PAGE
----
Pine got her start as an early-music specialist, only later discovering what she calls “the other end of the spectrum.” Early and contemporary music, she notes, “both require a certain brand of bold musicality. Baroque music needs someone who can tastefully and creatively ornament and mold the music to his or her voice, and new music needs someone who can take a piece that is new to the ears of most people and make it seem natural and organic, even in its newness.” Still, after working on contemporary pieces, “I like to dip back into my Baroque roots and sing some Handel. It’s like sorbet for the voice.”

Pine brings another asset to the stage — eight years of ballet training, which she claims never destined her for a career. (“I was too tall and never had the flexibility.”) It lent regal bearing to her Cleopatra, as well as sheer physical courage to her Angel, flying on wires while sweeping baritone David Adam Moore off his feet — and singing all the while.

To hear her tell it, however, dance was a mixed blessing. “I realized that I was imbuing all my characters with the same physicality,” she recalls. “‘Generic graceful’ isn’t particularly interesting or compelling. For the fix, I looked again to dance.” Through it, she found specific, individualized traits. “Dancers are masters at assuming characters through physicality alone,” she says, noting that, at the very least, dance “gave me something to do with my long, gangly arms!”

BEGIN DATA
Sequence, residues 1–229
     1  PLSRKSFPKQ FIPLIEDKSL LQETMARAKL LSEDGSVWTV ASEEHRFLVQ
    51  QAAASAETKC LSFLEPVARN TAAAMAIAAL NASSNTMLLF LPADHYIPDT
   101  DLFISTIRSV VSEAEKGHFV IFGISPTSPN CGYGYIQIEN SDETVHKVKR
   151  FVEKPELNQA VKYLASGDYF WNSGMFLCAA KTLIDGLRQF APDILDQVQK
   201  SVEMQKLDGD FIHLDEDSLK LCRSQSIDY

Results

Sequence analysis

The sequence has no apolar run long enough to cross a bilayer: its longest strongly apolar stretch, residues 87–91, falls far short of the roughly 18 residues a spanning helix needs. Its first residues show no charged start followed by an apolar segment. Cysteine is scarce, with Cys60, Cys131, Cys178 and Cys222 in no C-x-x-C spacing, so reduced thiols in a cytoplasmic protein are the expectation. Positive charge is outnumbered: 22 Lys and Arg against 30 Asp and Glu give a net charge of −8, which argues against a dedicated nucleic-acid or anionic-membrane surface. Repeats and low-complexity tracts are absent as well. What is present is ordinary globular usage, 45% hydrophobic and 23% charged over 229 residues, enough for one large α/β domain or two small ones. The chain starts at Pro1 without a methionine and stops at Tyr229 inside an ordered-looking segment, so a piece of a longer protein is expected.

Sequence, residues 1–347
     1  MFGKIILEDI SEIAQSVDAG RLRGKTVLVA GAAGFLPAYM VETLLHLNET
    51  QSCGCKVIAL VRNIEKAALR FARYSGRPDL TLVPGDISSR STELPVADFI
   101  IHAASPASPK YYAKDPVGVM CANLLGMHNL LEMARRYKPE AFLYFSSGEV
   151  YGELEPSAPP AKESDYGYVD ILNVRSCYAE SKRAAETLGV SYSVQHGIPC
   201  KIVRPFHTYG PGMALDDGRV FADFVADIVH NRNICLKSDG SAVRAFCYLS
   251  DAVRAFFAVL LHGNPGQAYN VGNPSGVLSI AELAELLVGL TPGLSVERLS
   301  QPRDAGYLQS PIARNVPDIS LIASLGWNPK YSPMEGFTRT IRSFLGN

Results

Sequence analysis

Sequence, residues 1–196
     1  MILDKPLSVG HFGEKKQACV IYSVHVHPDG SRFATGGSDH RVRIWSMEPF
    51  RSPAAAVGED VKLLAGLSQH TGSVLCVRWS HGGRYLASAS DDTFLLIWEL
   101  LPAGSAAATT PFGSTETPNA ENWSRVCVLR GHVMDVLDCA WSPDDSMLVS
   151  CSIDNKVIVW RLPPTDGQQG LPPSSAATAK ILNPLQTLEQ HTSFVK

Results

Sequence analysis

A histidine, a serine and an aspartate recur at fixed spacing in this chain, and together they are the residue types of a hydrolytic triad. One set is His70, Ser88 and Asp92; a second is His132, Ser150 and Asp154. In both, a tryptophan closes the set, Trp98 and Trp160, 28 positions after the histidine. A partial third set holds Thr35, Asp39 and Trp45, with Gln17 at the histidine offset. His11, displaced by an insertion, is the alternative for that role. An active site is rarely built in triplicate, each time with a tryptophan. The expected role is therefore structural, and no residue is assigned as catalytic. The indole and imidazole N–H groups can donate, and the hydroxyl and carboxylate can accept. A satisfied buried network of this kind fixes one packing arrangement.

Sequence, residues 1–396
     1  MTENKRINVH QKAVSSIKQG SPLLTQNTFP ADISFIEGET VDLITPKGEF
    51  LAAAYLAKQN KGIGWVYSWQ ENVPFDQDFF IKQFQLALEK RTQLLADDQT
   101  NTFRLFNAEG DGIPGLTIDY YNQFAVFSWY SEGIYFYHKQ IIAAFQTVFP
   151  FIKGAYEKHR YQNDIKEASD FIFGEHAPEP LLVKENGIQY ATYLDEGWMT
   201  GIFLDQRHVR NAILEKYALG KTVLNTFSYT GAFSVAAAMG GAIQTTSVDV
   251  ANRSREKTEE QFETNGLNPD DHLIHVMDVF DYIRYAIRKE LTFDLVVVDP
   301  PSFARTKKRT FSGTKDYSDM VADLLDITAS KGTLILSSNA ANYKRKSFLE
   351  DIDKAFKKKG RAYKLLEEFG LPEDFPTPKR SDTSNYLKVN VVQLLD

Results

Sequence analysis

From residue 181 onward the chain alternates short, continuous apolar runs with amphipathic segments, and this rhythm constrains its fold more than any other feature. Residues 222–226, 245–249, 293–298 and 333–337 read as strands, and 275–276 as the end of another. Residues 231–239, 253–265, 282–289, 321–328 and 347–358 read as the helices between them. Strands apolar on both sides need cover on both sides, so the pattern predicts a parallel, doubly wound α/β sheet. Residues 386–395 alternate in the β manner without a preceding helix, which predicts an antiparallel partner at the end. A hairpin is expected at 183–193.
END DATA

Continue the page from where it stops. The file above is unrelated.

With recent appearances in Boston, New York and London, Pine’s career is taking her far beyond Texas these days. But this alumna of Texas Christian University says Fort Worth has “seen a growth in me that goes far beyond what people usually see over the course of a young-artist program, and for that reason, they’re incredibly supportive.

“Whenever I have family in the audience, I feel my performance has a special, extra layer to it. It’s like the love in my heart for them adds a special sheen to what I do onstage. Performing in Fort Worth is like performing for family, multiplied many times over.” spacer usa online casino echeck deposit


May 2012 issue
View this article on the Opera News Website. the best online casinos uk

Indulge Magazine: Cover and Feature

On a sun-dappled April day, Ava Pine pulls up to the campus of her alma mater, Texas Christian University, in a beater of a Nissan Altima. She strolls the grounds sheathed in a simple mocha-colored dress from Banana Republic and dons a favorite pair of character shoes she wears whenever she takes the stage.